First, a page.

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I turned to the latest National Geographic, I freely admit, for some relief. My Facebook page and Twitter feed are full of misery and impending doom; the news feed on my iPad features daily – sometimes hourly – updates on the ways the President of the United natgeoStates is disgracing the country; and the actual real world in my immediate vicinity is an unending cataclysm of dump trucks, jackhammers, back hoes, cement mixers, police sirens, and low-flying Air Force jets, a black, stiff-walled whirlwind of noise so constant that I no longer remember what peace and quiet on my own reading couch was like, so constant that I know the names of all the workers, so constant that for years, when friends visit from out of town, I tell them, “just turn right when you exit the train station and then walk up the street until you get to the biggest, loudest construction zone you’ve ever seen in your life.” “Oh no,” they commiserate. “You live near a construction zone?” “No,” I tell them. “I live in it – the construction zone is your destination.”

And in addition to all this, as I’ve mentioned, I’ve recently abandoned most of the magazine subscriptions that once brought me so much enjoyment, as one by one they referred to easily-verifiable conscious lies as “eccentric claims” or called the racist, sexist, fascist, lying moron in the Oval Office “unconventional” in the hopes of not alienating a stupid, aggressive monster known as “The Base.” One by one, each magazine that sold its integrity in order to appease The Base got dropped from my monthly reading, despite the fact that this has also deprived me of some of the most interesting books-coverage currently being published.

But not all periodicals fell away – a hardy few remained, either because they were almost baby elephantsentirely non-political or because, politics or no politics, I simply can’t do without them. And foremost in this latter category is National Geographic, which I’ve been reading and absorbing for a long, long time. So I turned to the latest issue both out of an old familiarity and also for some relief from the raging apocalypse that’s engulfing every inch of the rest of the world.

Alas, however, not all refuges are perfect. The latest issue of National Geographic was tremendous, yes – intelligent, thought-provoking, visually beautiful as always – but in accordance with the magazine’s century-old mandate, the issue looked with unblinking clarity on both the world’s wonders and its iniquities. National Geographic doesn’t care that one of their subscribers might want a whole lot less iniquity these days, and the magazine wouldn’t care if all their readers felt that way, nor should they care: the merciless, gorgeous balance of their world-portrait is the reason they’re the National Geographic in the first place.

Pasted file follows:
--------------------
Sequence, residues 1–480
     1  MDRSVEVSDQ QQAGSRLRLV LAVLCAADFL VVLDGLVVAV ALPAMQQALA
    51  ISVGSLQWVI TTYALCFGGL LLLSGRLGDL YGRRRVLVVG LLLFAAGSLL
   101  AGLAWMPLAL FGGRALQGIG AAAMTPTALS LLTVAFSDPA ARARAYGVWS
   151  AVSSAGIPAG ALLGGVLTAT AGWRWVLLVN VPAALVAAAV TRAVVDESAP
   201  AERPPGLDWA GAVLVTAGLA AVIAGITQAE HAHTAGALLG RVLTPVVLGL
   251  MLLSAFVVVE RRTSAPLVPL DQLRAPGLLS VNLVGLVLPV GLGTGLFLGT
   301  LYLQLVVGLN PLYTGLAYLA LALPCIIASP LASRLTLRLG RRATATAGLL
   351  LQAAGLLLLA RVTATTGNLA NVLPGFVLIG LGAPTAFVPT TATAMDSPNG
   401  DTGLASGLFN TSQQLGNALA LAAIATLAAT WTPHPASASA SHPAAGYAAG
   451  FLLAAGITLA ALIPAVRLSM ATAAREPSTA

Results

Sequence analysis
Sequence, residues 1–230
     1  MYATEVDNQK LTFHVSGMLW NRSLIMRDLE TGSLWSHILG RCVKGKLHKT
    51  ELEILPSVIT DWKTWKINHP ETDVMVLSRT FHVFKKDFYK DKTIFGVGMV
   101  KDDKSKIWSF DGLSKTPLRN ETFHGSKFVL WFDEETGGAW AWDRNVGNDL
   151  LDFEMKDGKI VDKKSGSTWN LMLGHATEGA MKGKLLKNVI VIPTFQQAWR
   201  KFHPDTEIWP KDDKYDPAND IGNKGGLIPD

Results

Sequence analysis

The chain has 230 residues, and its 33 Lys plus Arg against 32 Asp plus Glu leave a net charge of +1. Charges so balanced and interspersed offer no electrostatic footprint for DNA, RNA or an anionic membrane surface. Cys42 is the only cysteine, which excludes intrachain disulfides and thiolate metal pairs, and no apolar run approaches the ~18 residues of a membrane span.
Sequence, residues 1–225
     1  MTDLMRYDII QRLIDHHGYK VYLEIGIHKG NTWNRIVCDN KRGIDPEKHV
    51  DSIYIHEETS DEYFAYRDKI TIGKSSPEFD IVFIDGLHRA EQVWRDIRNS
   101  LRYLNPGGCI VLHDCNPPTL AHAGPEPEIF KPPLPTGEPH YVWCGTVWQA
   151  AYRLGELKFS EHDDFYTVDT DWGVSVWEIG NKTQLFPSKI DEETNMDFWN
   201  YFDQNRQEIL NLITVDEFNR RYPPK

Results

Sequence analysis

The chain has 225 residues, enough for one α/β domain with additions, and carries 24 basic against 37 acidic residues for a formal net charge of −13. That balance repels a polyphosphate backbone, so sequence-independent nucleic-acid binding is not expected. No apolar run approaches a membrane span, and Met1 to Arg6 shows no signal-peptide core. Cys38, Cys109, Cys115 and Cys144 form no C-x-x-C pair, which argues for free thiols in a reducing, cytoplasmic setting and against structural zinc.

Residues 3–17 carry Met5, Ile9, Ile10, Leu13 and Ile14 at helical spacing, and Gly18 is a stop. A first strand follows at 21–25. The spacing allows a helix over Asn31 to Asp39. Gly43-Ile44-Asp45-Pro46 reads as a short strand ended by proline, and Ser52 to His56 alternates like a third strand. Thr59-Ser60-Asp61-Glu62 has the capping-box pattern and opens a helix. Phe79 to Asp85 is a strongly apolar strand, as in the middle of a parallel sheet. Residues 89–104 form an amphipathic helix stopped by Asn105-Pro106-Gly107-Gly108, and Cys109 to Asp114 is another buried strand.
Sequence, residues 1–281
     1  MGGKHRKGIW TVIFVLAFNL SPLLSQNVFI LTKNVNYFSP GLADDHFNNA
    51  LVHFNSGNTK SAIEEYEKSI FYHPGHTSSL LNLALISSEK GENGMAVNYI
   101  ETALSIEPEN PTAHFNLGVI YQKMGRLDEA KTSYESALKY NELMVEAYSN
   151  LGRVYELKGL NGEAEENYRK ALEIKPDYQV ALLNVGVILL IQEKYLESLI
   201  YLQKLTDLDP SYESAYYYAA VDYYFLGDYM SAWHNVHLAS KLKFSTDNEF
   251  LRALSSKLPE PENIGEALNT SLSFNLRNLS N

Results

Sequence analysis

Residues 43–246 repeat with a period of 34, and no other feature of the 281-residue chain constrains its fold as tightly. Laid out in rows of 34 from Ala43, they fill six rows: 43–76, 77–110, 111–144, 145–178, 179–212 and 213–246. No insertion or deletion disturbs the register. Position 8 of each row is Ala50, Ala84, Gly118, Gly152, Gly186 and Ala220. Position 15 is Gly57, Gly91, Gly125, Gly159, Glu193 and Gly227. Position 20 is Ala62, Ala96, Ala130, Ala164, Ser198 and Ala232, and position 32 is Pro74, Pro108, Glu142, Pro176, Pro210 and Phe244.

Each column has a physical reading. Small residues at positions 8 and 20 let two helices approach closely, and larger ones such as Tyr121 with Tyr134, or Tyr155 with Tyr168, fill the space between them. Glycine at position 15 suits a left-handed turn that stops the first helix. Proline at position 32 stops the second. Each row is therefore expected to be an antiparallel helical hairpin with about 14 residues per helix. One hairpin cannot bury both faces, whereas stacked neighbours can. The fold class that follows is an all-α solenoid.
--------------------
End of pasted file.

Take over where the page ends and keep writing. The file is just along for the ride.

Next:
So, in this issue, I read about the heart-racing valor of the 21st century’s space race, yes, and this was uplifting, yes – but running through the article was the thread of privatization, and expropriation, and since I’m old enough to think of solar system exploration (and particularly, Gawd help us, actual peopled landings), such a thread was somber. And I read an article about the prevalence of humans in “developing” countries open-air defecating, and it, too, had a somber thread – in earlier Geographic versions of such an article, there would have been a near-obligatory mention of how sanitation is making progress, even in the most primitive settings. Not so now: the article makes clear that al fresco crapping is on the rise in many places in the world, with all the host of microbial horrors that accompany it. And I read a short, heartwarming article about an makosharkAfrican sanctuary for orphaned young elephants that naturally brought a smile to my face – until I encountered its own somber thread, which is that the flow of such orphans, created by the hunger for poaching elephants, certainly shows no sign of slowing.

Still, the issue nevertheless provided some of the sought-for relief. After all, there’s a boost to the simple fact that those elephant orphans are being lovingly cared for, right? And then there’s the highlight of the issue, a snappy (hee) article by Glenn Hodges about shortfin mako sharks – their physical beauty, their ceaseless vitality, and, as an unlooked-for bonus, their relatively healthy world-wide distribution. The piece also has stunning photography by Brian Skerry and a typically magnificent illustration by the great Fernando Baptista. Hodges even throws in Mark Twain’s still-funny quip about seasickness: “At first you are so sick you are afraid you will die, and then you are so sick you are afraid you won’t.”

So I limped out of the issue at least happy that some orphan elephants are being encouraged to cuddle and play, and that plenty of shortfin mako sharks are still swimming around in the ocean. It’s not much, admittedly, but in 2017 I’ll take it.

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© 2007-2017, Steve Donoghue